Alyaksandr Lukashenka said at the All-Belarusian People's Assembly in Minsk on March 3 that he was offered a deal the previous night by an opponent in the presidential race, Belapan reported. "If you give 5 or 6 percent [of the vote] to Milinkevich and 32 percent and the post of prime minister to me, I will say after the election that Lukashenka has won," the Belarusian leader quoted his unnamed rival as allegedly saying. "I say, throw this bastard out of here so that there's no place for him inside Belarus," Lukashenka added in an apparent reference to presidential candidate Kazulin. "This is complete nonsense," Kazulin's campaign manager, Mechyslau Hryb, commented on Lukashenka's allegation. Syarhey Haydukevich, another presidential candidate, also denied that he made such an offer to Lukashenka. JM

President Lukashenka also told the All-Belarusian People's Assembly in Minsk on March 3 that the newspaper "Zhoda," founded by the Belarusian Social Democratic Party (Hramada) which is headed by Kazulin, will be closed and its managers will most likely go to prison, Belapan reported. Last month the Information Ministry issued an official warning to "Zhoda" for reprinting controversial cartoons of the Prophet Muhammad, and the State Security Committee (KGB) instituted criminal proceedings under an article that penalizes the "incitement of racial, national or religious enmity or discord" with either a fine, a six-month jail term, a period of "restricted freedom" lasting up to five years, or a prison sentence of up to five years (see "RFE/RL Newsline," February 23, 2006). "I guess the talk is about the paper of that thug, in which the cartoons were published," Lukashenka said. "Criminal proceedings have been instituted and, if there are grounds for this, everybody will go to prison." JM

Oleksandr Turchynov from the Yuliya Tymoshenko Bloc, who is a former head of the Security Service of Ukraine (SBU), has filed a slander lawsuit against Interior Ministry Yuriy Lutsenko, Interfax-Ukraine reported on March 6. Lutsenko said in an interview with the March 4-10 issue of the Kyiv-based "Zerkalo nedeli" weekly that the Prosecutor-General's Office has opened a criminal case over the bugging of official telephone calls, including "interstate negotiations between the leaderships of Ukraine and Russia," by the SBU when Turchynov was its chief. Turchynov said Lutsenko's allegations are "rubbish" and a "brazen lie." "When I was in charge of the SBU, this agency abided by the law and constitution, and did not engage in bugging politicians and statesmen, or eavesdropping on interstate telephone conversations," Turchynov told journalists. JM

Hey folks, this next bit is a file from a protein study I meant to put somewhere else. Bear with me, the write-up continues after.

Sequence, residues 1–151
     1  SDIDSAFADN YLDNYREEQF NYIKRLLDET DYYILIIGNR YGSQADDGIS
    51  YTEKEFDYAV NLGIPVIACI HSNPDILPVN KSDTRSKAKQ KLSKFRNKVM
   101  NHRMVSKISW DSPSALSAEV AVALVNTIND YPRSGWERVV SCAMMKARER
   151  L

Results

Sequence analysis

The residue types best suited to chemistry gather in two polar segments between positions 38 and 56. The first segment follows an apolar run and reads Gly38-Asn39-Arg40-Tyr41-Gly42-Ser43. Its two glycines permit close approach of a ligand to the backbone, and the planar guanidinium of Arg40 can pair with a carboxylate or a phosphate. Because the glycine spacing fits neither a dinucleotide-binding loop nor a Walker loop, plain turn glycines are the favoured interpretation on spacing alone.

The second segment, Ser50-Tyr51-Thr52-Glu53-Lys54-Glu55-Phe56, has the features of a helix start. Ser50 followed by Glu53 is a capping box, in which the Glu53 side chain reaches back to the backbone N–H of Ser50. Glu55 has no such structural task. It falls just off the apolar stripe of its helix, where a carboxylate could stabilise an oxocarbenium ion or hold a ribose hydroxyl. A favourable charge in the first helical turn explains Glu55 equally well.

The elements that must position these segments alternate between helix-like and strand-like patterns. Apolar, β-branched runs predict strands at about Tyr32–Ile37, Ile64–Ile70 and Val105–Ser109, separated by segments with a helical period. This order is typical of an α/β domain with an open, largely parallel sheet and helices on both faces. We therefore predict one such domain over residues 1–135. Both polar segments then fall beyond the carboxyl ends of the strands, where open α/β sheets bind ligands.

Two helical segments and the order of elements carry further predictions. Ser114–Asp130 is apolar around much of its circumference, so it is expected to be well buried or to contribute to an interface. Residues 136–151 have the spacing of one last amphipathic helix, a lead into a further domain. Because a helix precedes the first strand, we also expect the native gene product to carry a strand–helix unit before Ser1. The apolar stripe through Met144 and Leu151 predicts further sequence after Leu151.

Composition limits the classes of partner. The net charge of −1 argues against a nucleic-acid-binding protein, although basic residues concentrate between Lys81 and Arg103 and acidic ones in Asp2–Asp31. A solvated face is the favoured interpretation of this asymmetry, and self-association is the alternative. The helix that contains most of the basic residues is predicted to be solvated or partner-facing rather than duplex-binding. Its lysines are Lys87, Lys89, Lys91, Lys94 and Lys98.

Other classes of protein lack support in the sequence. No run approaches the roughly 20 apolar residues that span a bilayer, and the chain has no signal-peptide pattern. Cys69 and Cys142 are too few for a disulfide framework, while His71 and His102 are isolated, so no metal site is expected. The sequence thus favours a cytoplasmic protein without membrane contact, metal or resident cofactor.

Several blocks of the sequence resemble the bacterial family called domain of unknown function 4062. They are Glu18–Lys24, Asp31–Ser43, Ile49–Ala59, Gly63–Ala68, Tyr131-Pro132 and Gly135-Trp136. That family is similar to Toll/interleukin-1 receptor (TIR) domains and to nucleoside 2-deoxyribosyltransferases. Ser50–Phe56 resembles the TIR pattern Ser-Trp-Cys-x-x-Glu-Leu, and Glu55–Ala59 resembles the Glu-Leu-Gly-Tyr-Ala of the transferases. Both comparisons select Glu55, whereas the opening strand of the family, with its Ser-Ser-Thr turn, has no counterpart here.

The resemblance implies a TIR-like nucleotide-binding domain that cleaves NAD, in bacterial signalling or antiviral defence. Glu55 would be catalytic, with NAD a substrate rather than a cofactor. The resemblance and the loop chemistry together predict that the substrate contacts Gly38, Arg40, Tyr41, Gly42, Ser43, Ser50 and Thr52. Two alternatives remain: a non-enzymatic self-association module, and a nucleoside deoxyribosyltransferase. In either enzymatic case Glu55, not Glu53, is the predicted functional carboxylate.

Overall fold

Former Ukrainian Prime Minister Viktor Yanukovych, leader of the Party of Regions, said at a party meeting in Kyiv on March 4 that the authorities are organizing mass falsifications of the March 26 parliamentary elections, Interfax-Ukraine reported. Yanukovych alleged that in southeastern Ukraine lists of voters were translated into Ukrainian with deliberate mistakes so that people could not vote. According to him, lists of voters in that part of the country omit not just families or houses but entire streets or even districts. "Another method used in the falsifications planned by the authorities is the principle by which district electoral commissions are formed of members of the so-called technical pro-government parties. These people have been instructed to suddenly get sick or find other pretexts not to work on election day. Along with elections commission members, stamps will also be disappearing and other tricks will be employed so as to make these commissions illegitimate. Consequently, the voting in those districts will be ruled invalid, too," Yanukovych said. JM

Milan Babic, the former Serbian rebel leader in Croatia, committed suicide while in detention near the International Criminal Tribunal for the former Yugoslavia (ICTY), international news agencies reported on March 6. Babic, the former president of the self-declared Krajina Serb republic that broke away from Croatia after it declared independence from Yugoslavia in 1991, had been sentenced to 13 years in prison for war crimes. He was in The Hague to testify in the trial of Milan Martic, another Croatian Serb. He was found on March 5 dead in his cell at a United Nations detention facility in Scheveningen, a suburb of The Hague, the ICTY announced the next day. "The Dutch authorities were called immediately. After conducting an investigation, they confirmed that the cause of death was suicide," an ICTY statement said. BW